How long have you had this tank up and running? It may be possible that you brought the ick home with you, either with the water or being not yet visible on a fish, but I still prefer to think that stress as caused this dilema for you.

A couple of other facts I want to mention are about the mollies and the frog. ollies need a good big of aquarium salt in their water for health, however, with the others you have purchased (tetra and catfish), too much salt will burn their skin. The mollies may not do well in this tank for this reason. You didn't mention what type of grog you purchased, but some species are not good kept in with tropicals. Some are aggressive and look at the fish as food, chasing and trying to capture for something good to eat.

 

Kick

Monday, July 16, 2001 - 08:52 am
Pardon all the typos above. I guess I didn't proofread very well.

Just wanted to throw in that one thing you need to remember about keeping fish. When you purchase them from the LPS, they are usually juveniles and will grow to their normal adult size and not to the size of the tank. Also a couple of the fish you purchased are shoaling fish, which means they like to be in groups of 5 or 6. The tetras and guppies fall into this category. You may want to keep this in mind, and maybe rethink this tank just a little. A group of shoaling fish is much prettier than having a discordant group of various species.

Sure hope I have helped you. Please don't think I am being harsh. Being new to the hobby can be maddening sometimes, and I am just trying to give you some points to make it a little more enjoyable. You have found a good site for information both at the main area and here on the message board. Stick around and there will always be someone to help you.

  

jsopel (Jeff)

Monday, July 16, 2001 - 10:46 am
tina..try Rid Ich+...It will work better for those malachite green sensitive fish..follow the directions and continue treatment for 3 days after all the spots are gone..and as kick mentioned get the bio-wheel back on your filter.

  

PetFinatic

Monday, July 16, 2001 - 12:07 pm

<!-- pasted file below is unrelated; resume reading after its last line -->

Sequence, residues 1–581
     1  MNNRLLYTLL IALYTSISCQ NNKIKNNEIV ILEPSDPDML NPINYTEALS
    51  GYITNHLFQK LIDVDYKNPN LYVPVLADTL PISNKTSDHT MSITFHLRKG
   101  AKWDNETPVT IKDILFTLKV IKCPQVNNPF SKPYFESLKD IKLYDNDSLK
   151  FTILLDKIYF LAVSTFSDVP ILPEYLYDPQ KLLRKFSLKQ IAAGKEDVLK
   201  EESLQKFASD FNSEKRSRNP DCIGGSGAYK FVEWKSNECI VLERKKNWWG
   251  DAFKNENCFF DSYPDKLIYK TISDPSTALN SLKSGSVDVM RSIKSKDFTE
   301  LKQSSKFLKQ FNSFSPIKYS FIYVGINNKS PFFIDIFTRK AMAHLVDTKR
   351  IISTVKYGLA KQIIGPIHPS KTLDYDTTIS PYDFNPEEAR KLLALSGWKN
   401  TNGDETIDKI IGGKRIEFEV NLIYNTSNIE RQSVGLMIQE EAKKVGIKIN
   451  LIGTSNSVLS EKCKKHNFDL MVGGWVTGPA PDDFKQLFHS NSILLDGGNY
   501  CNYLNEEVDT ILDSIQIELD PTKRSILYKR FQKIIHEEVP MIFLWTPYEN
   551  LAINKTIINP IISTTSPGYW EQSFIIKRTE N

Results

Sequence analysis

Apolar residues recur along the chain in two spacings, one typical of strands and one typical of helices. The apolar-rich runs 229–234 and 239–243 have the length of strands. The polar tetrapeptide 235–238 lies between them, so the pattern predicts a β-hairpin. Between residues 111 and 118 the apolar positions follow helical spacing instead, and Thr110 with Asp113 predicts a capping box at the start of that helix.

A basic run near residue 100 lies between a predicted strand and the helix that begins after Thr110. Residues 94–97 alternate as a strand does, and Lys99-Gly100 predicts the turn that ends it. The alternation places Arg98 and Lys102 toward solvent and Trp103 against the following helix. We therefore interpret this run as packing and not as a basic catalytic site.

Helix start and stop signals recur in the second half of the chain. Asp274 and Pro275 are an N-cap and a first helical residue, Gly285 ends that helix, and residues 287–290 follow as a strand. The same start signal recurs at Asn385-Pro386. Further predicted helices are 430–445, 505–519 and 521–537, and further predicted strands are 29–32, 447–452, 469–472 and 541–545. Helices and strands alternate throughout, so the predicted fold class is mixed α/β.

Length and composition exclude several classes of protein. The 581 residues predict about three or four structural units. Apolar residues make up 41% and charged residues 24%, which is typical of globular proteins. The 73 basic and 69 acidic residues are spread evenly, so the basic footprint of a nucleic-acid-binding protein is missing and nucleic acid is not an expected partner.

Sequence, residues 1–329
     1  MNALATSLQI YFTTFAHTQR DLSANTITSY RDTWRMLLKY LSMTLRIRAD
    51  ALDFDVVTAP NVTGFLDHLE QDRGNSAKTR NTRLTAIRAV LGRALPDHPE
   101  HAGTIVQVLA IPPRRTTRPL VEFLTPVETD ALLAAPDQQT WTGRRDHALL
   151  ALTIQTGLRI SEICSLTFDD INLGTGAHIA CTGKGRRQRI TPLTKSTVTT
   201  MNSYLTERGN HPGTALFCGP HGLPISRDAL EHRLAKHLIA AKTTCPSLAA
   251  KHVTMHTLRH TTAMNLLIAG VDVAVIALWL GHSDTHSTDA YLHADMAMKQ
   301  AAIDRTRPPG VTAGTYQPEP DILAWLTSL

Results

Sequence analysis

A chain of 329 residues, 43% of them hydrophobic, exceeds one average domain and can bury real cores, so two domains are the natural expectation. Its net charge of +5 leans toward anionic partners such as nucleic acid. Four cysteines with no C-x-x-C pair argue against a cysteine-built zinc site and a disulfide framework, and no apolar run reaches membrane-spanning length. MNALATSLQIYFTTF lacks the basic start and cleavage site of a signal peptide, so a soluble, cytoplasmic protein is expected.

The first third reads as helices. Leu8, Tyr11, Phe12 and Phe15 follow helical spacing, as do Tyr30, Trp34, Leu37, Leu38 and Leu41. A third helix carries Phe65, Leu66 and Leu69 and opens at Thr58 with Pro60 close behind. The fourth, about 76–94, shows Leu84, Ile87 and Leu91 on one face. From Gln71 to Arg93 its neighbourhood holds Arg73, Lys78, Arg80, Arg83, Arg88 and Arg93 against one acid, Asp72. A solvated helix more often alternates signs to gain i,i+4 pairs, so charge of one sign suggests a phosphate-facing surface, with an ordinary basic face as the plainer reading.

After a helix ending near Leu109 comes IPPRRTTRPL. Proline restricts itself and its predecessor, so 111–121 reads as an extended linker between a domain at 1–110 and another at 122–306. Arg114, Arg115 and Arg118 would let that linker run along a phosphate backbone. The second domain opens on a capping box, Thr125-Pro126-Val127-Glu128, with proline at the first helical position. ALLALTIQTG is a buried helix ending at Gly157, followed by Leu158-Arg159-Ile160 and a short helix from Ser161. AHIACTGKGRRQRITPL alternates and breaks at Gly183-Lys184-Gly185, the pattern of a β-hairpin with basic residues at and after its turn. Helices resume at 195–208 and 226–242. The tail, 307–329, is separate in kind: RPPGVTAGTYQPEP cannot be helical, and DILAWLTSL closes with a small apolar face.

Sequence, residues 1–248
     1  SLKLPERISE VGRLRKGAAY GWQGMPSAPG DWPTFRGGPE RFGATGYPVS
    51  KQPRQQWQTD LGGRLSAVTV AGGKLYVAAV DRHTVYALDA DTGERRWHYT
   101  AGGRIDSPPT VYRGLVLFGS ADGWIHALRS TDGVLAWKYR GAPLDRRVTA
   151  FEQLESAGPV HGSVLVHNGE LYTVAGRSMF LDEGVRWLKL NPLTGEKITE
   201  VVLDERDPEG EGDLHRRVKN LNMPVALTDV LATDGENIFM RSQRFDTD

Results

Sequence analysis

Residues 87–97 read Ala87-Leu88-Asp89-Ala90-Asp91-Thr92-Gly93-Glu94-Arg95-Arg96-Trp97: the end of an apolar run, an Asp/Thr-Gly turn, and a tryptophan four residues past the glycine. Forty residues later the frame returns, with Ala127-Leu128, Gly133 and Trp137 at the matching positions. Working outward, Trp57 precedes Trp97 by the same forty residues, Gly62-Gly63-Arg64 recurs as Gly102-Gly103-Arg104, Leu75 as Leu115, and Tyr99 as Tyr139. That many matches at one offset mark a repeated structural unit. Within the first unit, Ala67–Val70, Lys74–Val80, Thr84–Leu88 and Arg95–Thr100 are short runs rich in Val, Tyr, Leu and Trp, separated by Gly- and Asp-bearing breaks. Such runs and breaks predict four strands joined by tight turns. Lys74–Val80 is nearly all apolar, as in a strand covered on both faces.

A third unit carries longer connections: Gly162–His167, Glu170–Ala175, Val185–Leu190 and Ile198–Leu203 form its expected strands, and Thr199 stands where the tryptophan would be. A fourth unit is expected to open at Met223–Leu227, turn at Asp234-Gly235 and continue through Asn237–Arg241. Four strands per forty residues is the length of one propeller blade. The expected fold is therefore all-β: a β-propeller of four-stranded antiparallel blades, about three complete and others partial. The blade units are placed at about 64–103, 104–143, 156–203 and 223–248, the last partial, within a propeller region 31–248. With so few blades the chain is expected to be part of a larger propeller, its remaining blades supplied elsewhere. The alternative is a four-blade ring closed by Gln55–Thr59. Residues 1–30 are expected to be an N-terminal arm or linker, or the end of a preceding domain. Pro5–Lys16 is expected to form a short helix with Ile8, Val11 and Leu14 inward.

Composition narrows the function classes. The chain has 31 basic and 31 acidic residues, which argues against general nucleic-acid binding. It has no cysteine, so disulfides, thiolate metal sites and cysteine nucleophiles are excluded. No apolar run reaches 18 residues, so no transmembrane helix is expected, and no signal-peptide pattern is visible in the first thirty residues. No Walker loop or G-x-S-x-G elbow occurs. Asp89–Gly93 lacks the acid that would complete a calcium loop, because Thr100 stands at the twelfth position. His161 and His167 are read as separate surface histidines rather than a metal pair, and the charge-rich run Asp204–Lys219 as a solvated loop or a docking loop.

Thank you everybody for all your help!
First, Kick, the type of frog I have is an African Dwarf Frog. He seems pretty happy and no one is picking on him yet and he is too small to eat any of the fish.
The Mollies look good and are very active. The original one we got seems to be picking on the new one though.
We've only had the tank up and running for a week now. I agree we moved to fast by getting the second batch of fish so quick. We just thought everyone looked good, and we were too eager. I'm sorry I made that mistake. I am new at this and will try not to make any other big mistakes.
What water testing kit do you recommend?
Jeff, I am currently using the Maracide and am a little scared to combine another medication at this point. I will see what happens and if the Ich doesn't clear up after a week, I'll try the Rid-Ich+. Thank you for the suggestion.
Thanks again!

  

Kick

Tuesday, July 17, 2001 - 10:11 am
Hi again, Tina. You will have to jump back and forth between this message and the one you left at the general message area, as I answered you there too. Since you have already treated with the Maracide, don't use anything else at this point. Mixing medications is harder on the fish and from what I read on my Maracide bottle there is no MG in the Maracide. Usually if the fish are going to be sensitive, you will notice this right away.